Since the positive-sequence current value I+ and the negative-sequence current value I are already determined and used at the outputs of the dq transformation units 352 and 352′ within the context of the control method for the inverter 3, the values required for the method according to the disclosure for detecting and signalling a phase failure are therefore already present. The values are supplied to a divider 358, which forms the ratio between the negative-sequence current value Iand the positive-sequence current value I+. This ratio is output at the output of the divider 358 and supplied to a threshold value switch 359, in which a timing element is integrated. If the ratio (I)/(I+) exceeds a preset threshold value for at least one preset time period t0, a signal is output at a signal output 360 of the threshold value switch 359 signalling the presence to a single-phase phase failure.

Advantageously, the preset threshold value for the ratio (I)/(I+) is between 0.1 and 0.6 and particularly in one embodiment between 0.2 and 0.4. Low negative-sequence current values Idiffering from zero do indeed occur at least occasionally during normal, non-faulty operation of the inverter 3 and the energy supply grid 5 or 7. Only when the ratio of the negative-sequence current value Ito the positive-sequence current value I+ is greater than the threshold value for the specified time period t0 does this indicate a phase failure. The preset time period t0 is in the range of from one to two seconds in one embodiment. Fault states which are shorter than the time period t0 are generally fault states which the photovoltaic system is intended to ride through, in particular those fault states of the energy supply grid 5, 7 in which the inverter 3 is intended to remain connected to the energy supply grid 5, 7 in order to support the energy supply grid 5, 7 in this fault event.

An inverter which uses such a regulation method can therefore be fitted out in a simple manner or retrofitting can be performed, possibly by updating the programs controlling the inverter (so-called firmware update) so that the inverter can implement the method according to the disclosure for identifying a failure of a phase.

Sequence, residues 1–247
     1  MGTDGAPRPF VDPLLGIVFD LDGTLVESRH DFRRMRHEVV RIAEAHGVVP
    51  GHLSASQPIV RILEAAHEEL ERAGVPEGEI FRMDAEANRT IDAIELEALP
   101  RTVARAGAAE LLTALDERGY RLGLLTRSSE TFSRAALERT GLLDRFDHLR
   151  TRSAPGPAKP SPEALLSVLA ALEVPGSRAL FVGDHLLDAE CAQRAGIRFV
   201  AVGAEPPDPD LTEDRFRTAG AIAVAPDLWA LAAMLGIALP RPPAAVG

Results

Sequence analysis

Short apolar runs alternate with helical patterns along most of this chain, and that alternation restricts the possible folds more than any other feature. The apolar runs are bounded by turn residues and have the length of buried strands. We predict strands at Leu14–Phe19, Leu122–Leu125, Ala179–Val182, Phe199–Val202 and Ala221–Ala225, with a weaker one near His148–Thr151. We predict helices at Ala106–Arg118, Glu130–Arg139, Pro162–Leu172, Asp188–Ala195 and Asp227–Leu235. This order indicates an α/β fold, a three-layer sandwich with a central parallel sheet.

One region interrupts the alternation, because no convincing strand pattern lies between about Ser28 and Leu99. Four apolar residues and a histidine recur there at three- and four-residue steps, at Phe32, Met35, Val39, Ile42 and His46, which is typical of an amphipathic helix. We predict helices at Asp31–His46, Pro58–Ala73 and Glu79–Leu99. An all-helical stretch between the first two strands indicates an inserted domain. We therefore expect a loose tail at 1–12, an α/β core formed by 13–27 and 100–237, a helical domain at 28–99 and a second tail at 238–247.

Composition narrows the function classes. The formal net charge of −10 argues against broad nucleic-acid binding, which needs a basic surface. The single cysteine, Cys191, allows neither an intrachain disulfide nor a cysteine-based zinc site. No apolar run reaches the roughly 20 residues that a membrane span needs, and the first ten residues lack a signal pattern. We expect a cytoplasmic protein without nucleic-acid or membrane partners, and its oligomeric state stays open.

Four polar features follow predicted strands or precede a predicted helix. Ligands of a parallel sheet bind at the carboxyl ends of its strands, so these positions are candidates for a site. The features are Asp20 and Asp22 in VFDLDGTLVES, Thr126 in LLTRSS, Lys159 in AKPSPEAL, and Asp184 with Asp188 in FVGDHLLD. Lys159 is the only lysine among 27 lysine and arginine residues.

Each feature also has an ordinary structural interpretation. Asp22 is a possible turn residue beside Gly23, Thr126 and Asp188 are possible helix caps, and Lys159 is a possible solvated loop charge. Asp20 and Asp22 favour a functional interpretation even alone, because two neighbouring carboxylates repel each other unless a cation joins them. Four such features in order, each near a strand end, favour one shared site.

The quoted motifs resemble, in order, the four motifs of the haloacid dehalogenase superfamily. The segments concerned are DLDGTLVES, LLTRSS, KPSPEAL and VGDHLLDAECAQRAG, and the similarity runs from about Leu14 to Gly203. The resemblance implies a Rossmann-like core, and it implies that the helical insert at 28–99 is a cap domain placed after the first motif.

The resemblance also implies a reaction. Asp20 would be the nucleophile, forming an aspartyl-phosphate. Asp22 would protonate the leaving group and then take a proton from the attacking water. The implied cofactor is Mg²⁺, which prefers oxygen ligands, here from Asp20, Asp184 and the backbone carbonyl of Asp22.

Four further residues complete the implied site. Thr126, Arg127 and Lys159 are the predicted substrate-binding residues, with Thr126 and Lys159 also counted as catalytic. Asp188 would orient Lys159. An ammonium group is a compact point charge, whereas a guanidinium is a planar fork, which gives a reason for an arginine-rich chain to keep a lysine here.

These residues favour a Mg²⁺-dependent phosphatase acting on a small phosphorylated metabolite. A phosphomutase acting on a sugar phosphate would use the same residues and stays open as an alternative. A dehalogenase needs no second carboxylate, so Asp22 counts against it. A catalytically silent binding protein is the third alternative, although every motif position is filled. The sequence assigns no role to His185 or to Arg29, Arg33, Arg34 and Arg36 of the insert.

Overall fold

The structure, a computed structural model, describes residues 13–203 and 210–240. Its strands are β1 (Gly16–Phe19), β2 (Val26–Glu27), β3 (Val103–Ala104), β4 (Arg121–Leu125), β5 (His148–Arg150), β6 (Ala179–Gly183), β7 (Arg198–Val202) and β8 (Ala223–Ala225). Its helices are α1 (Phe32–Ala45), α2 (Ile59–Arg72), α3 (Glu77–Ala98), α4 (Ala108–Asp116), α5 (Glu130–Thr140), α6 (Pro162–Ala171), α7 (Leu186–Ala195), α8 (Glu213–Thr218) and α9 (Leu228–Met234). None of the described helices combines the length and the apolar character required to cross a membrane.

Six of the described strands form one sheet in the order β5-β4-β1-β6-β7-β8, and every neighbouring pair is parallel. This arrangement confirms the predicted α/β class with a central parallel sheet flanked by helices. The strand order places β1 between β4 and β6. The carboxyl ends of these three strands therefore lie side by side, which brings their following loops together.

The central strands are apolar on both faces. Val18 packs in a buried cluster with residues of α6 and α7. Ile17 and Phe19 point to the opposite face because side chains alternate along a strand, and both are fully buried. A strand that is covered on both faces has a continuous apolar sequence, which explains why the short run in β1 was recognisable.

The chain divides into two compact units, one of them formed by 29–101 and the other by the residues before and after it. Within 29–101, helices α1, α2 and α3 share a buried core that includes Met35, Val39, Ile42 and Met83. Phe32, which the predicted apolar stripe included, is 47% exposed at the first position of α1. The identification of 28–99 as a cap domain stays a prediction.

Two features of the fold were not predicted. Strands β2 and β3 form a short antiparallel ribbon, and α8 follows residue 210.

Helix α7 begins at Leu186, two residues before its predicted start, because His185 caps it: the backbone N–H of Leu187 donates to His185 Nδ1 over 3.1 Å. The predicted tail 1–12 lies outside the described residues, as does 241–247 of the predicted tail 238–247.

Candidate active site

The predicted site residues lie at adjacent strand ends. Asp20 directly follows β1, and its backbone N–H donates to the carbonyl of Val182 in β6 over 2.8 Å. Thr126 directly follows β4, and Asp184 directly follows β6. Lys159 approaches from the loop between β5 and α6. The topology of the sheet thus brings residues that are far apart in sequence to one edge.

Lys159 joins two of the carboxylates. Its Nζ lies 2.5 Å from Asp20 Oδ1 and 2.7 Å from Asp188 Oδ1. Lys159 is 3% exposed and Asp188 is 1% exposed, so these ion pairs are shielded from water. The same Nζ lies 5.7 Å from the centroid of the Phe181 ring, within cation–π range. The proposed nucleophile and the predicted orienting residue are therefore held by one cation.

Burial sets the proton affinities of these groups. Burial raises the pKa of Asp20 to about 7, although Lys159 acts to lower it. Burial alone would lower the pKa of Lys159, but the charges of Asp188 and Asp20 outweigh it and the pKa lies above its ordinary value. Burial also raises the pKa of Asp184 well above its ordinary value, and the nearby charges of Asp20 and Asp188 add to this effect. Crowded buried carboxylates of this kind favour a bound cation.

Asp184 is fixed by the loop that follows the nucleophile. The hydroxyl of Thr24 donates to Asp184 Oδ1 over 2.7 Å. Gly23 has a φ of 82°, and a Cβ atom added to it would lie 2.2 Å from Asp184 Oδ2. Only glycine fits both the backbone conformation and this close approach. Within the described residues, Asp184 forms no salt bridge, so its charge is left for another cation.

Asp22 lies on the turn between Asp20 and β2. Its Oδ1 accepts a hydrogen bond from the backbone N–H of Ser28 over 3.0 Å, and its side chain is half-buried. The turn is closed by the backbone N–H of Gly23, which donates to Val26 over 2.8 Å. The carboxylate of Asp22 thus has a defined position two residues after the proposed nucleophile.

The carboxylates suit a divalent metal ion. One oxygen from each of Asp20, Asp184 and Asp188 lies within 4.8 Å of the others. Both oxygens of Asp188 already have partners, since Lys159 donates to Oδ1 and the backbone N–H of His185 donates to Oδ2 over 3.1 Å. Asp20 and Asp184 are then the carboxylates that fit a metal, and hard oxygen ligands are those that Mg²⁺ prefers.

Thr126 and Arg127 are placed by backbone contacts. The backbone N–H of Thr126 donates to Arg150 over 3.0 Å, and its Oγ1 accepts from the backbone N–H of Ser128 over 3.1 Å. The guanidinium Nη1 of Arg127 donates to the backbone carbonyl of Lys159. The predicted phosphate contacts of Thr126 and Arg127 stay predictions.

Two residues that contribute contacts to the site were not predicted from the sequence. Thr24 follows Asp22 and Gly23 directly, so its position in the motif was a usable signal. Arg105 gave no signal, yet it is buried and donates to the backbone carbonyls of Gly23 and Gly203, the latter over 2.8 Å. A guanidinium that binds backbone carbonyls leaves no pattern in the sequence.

In a further embodiment of the method, provision is made for the length of the preset time period t0 to be selected depending on the magnitude of the ratio of the negative-sequence current value I to the positive-sequence current value I+. The greater the magnitude of the ratio determined between the current values I, I+, the shorter the time period t0 is selected to be. In this embodiment, the preset time period t0 is therefore varied dynamically with respect to the magnitude of the determined ratio of the negative-sequence current value Ito the positive-sequence current value I+. In this configuration, account is taken of the fact that a very asymmetric current distribution, which manifests itself as a high negative-sequence current value I and therefore correspondingly also a high ratio of this negative-sequence current value I to the positive-sequence current value I+, increases the probability of the presence of a phase failure, with the result that this can be signalled even after a shorter wait time.

The signal at the signal output 360 can be used to curtail the inverter 3 such that there is no longer any current being fed into the energy supply system 5, 7. As an alternative and/or in addition, an AC disconnecting element provided within the PV system can be activated, which disconnects the transformer 4 from the output of the inverter 3.

In a further embodiment, the magnitude of the voltages Vabc is additionally taken into consideration as a further criterion. A phase failure is only considered as having been detected when the voltages Vabc do not change, or only change to an insignificant extent, for example by at most ±10%, in the event of the threshold value being overshot. With this criterion, it is possible to distinguish between phase failure and a short circuit or ground fault since, in the event of a single-phase voltage failure, the voltages remain largely constant for the described system structure.

Fault identification and distinguishing from other grid failures therefore takes place by logic combination of the ratio of the negative-sequence current value I to the positive-sequence current value I+ and the time period for which the threshold value is exceeded taking into consideration the grid voltage Vabc and/or an upper limit value for the ratio of the negative-sequence current value I to the positive-sequence current value I+. The mentioned upper threshold value is above the previously introduced threshold value and can advantageously be between approximately 0.8 and 1.2. In the event of a ground fault or short circuit, the grid voltage Vabc deviates markedly from its nominal value differently than in the case of a phase failure. As an alternative and/or in addition, the magnitude of the ratio of the negative-sequence current value Ito the positive-sequence current value I+ can be used as distinguishing criterion since very high values for the ratio which are above the upper limit value indicate a ground fault or short circuit and not a phase failure.

A further advantage of the method according to the disclosure is that a phase loss can be detected without any requirements in respect of the dynamic grid support in the event of a short circuit on the grid being at risk in the process.